Posts Tagged ‘Snowden’

“Law versus Power” – Book talk by Wolfgang Kaleck, ECCHR General Secretary

January 23, 2019

Wolfgang Kaleck, who was in 2007 the founder of the European Center for Constitutional and Human Rights (ECCHR) is presenting his new book LAW VERSUS POWER – Our Global Fight for Human Rights.  [see also: https://humanrightsdefenders.blog/2018/06/15/ecchr-launches-new-institute-for-legal-intervention/]

Kaleck’s work has taken him to Buenos Aires, to stand with the mothers of youngsters “disappeared” under the Argentinian military dictatorship; to exiled Syrian communities, where he assembled the case against torture mandated by those high up in the Assad government; to Central America, where he collaborated with those pursuing the Guatemalan military for its massacres of indigenous people; to New York, to partner with the Center for Constitutional Rights in taking action against Donald Rumsfeld for the “enhanced interrogation techniques” he greenlighted after 9/11; and to Moscow, where he represents the whistle-blower Edward Snowden, “a likeable man whose talents go far beyond his technical skills.” In recounting his involvement in such cases, Kaleck gives voice to those he is representing, emphasizing the courage and persistence they bring to the global search for justice.

The Berlin book launch will take place on 6 February 2019 in Berlin (19h00) at the Denkerei, ORANIENPLATZ 2, where Wolfgang Kaleck will discuss – with Nadja Vancauwenberghe, publisher and editor in chief of Exberliner – today’s challenges and opportunities in the struggle for human rights. Syrian musician Abdahllah Rahhal is an international artists whose work aims to highlight humanity in every moment of life.. The event will be held in English and can be followed via livestream.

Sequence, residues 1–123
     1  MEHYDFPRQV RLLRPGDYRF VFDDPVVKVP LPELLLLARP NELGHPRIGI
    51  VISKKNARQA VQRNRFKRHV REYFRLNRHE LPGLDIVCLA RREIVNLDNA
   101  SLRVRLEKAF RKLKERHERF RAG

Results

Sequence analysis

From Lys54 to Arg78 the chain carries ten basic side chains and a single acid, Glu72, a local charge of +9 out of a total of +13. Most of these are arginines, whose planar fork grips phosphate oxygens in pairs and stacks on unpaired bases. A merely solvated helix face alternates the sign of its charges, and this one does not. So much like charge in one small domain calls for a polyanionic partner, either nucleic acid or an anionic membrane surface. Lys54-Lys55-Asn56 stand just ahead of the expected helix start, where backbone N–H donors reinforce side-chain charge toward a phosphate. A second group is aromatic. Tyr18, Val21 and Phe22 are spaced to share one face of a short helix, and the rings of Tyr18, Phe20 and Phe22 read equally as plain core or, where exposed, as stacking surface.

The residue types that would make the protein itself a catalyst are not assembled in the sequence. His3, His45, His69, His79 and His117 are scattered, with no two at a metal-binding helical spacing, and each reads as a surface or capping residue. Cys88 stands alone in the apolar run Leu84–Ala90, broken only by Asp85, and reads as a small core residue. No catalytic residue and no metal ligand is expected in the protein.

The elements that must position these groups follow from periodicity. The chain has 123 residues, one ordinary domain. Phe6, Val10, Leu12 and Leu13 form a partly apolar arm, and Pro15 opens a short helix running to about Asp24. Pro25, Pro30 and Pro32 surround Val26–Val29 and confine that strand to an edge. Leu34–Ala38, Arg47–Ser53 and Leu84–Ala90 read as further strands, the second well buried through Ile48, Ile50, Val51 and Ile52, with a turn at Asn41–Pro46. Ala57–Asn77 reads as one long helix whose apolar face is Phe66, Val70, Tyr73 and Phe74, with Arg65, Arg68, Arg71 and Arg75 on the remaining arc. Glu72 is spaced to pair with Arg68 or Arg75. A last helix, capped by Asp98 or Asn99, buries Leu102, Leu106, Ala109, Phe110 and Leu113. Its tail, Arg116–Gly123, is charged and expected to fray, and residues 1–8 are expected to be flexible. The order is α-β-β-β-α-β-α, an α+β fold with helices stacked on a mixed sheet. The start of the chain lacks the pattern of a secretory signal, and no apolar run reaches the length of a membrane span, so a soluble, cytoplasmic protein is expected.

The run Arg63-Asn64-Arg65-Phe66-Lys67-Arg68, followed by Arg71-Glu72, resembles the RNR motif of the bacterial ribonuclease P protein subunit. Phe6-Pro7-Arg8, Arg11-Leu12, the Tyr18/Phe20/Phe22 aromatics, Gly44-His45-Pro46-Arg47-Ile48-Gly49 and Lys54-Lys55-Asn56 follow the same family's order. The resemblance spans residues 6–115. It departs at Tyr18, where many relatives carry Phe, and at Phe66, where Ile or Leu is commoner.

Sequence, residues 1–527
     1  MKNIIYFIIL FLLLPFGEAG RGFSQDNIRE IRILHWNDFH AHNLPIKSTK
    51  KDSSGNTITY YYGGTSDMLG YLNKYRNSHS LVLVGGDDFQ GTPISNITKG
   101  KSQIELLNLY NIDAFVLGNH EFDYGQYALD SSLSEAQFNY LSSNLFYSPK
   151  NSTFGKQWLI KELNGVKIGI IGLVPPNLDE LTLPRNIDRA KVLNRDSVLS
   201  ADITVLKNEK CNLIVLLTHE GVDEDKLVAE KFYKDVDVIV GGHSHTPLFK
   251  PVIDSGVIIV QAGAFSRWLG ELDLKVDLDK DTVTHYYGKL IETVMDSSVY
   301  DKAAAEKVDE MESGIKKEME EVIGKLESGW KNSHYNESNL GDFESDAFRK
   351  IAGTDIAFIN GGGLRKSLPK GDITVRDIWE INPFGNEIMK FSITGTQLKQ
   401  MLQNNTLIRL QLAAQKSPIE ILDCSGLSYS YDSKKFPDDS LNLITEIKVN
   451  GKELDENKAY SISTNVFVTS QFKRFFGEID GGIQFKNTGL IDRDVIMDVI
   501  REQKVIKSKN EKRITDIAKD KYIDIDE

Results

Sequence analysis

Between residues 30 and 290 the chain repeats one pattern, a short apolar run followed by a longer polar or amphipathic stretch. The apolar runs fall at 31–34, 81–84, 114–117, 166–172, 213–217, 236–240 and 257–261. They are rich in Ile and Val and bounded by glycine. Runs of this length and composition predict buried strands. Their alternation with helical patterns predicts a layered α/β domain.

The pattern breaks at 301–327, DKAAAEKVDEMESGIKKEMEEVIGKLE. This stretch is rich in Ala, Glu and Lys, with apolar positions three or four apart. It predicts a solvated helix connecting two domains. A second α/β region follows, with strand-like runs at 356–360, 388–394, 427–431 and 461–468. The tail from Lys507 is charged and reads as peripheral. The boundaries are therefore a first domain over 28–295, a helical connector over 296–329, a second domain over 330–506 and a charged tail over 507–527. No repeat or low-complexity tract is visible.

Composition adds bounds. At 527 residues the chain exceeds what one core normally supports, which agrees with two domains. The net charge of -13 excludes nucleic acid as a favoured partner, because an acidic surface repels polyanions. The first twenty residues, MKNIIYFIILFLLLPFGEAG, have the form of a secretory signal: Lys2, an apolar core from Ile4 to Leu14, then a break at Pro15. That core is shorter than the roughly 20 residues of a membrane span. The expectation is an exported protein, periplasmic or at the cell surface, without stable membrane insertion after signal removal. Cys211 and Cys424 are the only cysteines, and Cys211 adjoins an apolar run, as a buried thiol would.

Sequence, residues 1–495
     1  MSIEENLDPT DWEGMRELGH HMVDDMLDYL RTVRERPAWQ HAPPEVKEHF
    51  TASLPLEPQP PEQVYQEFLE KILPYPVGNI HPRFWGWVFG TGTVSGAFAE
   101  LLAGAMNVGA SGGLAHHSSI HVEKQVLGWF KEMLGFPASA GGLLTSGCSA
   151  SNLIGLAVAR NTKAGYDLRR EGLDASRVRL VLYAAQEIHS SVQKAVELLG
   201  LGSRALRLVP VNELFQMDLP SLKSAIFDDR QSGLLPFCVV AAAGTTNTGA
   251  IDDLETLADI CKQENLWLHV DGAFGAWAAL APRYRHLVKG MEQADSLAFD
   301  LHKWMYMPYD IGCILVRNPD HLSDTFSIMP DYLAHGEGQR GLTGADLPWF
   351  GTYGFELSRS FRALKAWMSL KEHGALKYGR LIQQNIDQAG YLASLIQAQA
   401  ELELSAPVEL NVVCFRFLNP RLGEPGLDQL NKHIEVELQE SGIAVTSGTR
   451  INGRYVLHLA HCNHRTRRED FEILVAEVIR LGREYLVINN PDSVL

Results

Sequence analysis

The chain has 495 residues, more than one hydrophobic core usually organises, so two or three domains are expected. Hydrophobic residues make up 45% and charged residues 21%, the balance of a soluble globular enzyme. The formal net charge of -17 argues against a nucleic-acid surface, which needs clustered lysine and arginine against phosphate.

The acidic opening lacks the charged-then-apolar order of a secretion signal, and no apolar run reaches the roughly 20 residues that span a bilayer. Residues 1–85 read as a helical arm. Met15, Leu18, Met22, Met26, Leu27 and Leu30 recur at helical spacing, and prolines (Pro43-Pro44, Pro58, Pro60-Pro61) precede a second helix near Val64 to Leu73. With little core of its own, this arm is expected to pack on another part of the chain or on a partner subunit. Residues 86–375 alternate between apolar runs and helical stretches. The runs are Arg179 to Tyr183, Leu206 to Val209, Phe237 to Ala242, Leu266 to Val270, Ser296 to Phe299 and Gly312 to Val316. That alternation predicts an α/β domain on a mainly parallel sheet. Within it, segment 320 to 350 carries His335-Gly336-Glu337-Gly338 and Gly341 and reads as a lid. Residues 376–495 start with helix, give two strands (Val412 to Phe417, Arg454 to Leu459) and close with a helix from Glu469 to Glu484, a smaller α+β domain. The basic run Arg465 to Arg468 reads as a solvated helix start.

https://www.ecchr.eu/en/event/law-versus-power-book-talk-by-wolfgang-kaleck-1/

 

Edward Snowden can still not collect his award(s)

September 29, 2016

The Norwegian branch of the PEN Club had hoped to honor whistleblower Edward Snowden in Oslo, but a Norwegian court has dismissed a bid for assurances he would not be extradited should he visit Norway to collect the Carl von Ossietzky award which was granted to him in 2014 [see: https://thoolen.wordpress.com/2014/12/15/edward-snowden-gets-another-human-rights-award-in-berlin/]. Read the rest of this entry »

Edward Snowden gets another human rights award in Berlin

December 15, 2014

Former NSA contractor turned whistleblower Edward Snowden was given the Carl von Ossietzky Medal in Berlin on Sunday, a medal which honors those who exhibit extraordinary civic courage or commitment to the spread and defense of human rights. According to website of the International League for Human Rights in Berlin, which has awarded the prize since 1962, Snowden was chosen because of his “momentous decision of conscience … to put [his] personal freedom on the line” to expose the “abuse of power” exercised by the US and Germany.

Verleihung des Alternativen Nobelpreises an Edward Snowden

Snowden shares the medal with Glenn Greenwald, the Guardian journalist who broke his story, along with Laura Poitras, the documentary filmmaker who was in Berlin to accept it on the whole trio’s behalf [Snowden appeared on skype]. Several speeches were given, including one from former federal Interior Minister Gerhart Baum and human rights lawyer Wolfgang Kaleck, who represents Snowden. Baum spoke of how the Snowden had “opened our eyes to the largest intelligence surveillance scandal I know.” See more: https://thoolen.wordpress.com/tag/snowden/